“At the moment, I think it is fair to say that I am only really involved in two ‘active’ musical outlets currently – Fen is of course one of these and the other is what is predominantly a solo outing, ‘Fellwarden’. The latter is an expressive outlet I commenced in around 2014 to give voice to a more sweeping, epic black metal sound that I had been yearning to undertake for some time. Havenless – who has been drumming in Fen since around 2016 – provides the drums for this and I was actually working with him in Fellwarden prior to his involvement with Fen.

 We have just completed work on the second Fellwarden full-length – the debut ‘Oathbearer’ came out in 2017 – and we started work more or less straight away after this so it’s taken a while to come together. That is understandable though as I’ve really pushed the material further on this record – more epic, more layers, a more ‘widescreen’ approach to the compositions. It also really digs deeper into the themes of the project, taking huge inspiration from the rearing landscapes of the Cumbrian fells of North Western England. I think it sounds great myself and I’m really looking forward to it finally seeing the light of day!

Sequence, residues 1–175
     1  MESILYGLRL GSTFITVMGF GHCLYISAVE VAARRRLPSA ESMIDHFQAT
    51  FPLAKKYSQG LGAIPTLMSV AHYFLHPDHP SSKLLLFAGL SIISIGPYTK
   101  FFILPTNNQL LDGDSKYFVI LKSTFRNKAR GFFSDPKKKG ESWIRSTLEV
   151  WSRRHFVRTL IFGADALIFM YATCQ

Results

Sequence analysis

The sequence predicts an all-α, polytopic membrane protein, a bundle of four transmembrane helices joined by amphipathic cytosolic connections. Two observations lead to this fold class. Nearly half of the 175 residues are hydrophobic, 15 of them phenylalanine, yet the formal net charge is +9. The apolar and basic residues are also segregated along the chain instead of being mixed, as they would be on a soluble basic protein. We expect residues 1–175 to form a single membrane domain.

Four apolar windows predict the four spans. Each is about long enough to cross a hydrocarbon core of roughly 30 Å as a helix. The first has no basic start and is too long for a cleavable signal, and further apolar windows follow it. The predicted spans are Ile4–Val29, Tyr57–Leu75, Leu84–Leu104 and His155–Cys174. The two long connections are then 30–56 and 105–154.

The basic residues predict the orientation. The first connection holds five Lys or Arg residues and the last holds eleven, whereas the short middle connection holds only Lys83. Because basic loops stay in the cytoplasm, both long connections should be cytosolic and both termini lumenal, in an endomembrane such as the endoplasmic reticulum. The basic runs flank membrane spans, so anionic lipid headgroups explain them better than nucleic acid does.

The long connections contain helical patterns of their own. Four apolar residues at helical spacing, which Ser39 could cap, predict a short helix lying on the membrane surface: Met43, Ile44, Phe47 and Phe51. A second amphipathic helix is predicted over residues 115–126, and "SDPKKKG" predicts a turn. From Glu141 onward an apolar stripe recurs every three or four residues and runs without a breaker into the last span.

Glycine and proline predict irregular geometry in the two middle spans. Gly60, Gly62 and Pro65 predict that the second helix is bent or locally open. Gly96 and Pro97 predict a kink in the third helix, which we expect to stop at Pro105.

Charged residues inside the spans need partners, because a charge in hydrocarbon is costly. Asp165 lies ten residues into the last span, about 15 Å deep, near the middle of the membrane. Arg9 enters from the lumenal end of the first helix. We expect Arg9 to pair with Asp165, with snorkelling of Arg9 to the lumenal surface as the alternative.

This said, there are other possible things bubbling away – indeed, there has been talk that the long-awaited second De Arma record may finally see completion in 2020 – amongst other things. I guess you could say I like to keep busy!”

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Photo Credit: Stefan Raduta

Fen has done many shows and tours over the years, specifically which ones stood out to you most?

“In terms of individual shows, we have been quite lucky in some respects as we have had opportunities to play at some incredible venues in front of some amazing crowds. Prophecy Fest last year at Balver Hohle in Germany was one of these – the setting was absolutely mind-blowing, awe-inspiring and atmospheric. It was an absolute honour to play. Our set at Summer Sonnewald in Austria back in 2011 was also something special – playing on an Austrian mountainside as night descended and beacon pyres were set aflame in celebration was something else. And our show in Moscow in 2014 was also awesome – we didn’t know what to expect but the venue was great and the audience absolutely reveled in it. Playing in the US in 2012 was a rare treat also, we had a great time. All of these will live with me until my final day but there have been plenty of other great live experiences along the way also.